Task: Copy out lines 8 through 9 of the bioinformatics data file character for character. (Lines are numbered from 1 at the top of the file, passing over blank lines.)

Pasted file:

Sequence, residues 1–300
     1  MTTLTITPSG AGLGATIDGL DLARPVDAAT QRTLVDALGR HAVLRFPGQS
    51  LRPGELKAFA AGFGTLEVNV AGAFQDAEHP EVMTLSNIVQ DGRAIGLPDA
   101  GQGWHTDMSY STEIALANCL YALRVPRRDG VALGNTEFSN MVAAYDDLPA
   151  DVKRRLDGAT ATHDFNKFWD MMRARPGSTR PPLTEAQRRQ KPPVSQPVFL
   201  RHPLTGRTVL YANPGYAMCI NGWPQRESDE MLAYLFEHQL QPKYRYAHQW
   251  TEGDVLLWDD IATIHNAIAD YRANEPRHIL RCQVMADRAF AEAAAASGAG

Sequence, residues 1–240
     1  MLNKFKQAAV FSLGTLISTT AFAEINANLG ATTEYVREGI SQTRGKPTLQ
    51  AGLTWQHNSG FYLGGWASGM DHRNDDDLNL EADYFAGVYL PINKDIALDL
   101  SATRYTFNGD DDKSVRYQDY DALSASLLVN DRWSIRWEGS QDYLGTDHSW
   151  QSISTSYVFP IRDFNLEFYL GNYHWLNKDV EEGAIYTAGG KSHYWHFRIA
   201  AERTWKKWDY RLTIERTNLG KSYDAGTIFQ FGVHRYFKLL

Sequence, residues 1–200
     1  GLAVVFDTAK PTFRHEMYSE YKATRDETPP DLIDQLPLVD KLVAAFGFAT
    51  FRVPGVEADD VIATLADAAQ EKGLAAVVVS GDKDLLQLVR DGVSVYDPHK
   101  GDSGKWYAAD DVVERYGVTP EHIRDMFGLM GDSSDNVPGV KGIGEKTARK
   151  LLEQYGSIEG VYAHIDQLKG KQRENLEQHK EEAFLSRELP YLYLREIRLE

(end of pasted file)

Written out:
Sequence, residues 1–240
     1  MLNKFKQAAV FSLGTLISTT AFAEINANLG ATTEYVREGI SQTRGKPTLQ